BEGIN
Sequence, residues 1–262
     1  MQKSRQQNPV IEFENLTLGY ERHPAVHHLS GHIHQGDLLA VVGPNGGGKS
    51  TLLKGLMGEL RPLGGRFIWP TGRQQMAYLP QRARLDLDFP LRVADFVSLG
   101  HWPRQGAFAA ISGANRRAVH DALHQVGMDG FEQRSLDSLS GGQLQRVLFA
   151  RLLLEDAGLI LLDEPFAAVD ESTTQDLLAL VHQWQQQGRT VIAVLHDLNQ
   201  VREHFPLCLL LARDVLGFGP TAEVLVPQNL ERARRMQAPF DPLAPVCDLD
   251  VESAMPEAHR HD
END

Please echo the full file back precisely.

Sequence, residues 1–262
     1  MQKSRQQNPV IEFENLTLGY ERHPAVHHLS GHIHQGDLLA VVGPNGGGKS
    51  TLLKGLMGEL RPLGGRFIWP TGRQQMAYLP QRARLDLDFP LRVADFVSLG
   101  HWPRQGAFAA ISGANRRAVH DALHQVGMDG FEQRSLDSLS GGQLQRVLFA
   151  RLLLEDAGLI LLDEPFAAVD ESTTQDLLAL VHQWQQQGRT VIAVLHDLNQ
   201  VREHFPLCLL LARDVLGFGP TAEVLVPQNL ERARRMQAPF DPLAPVCDLD
   251  VESAMPEAHR HD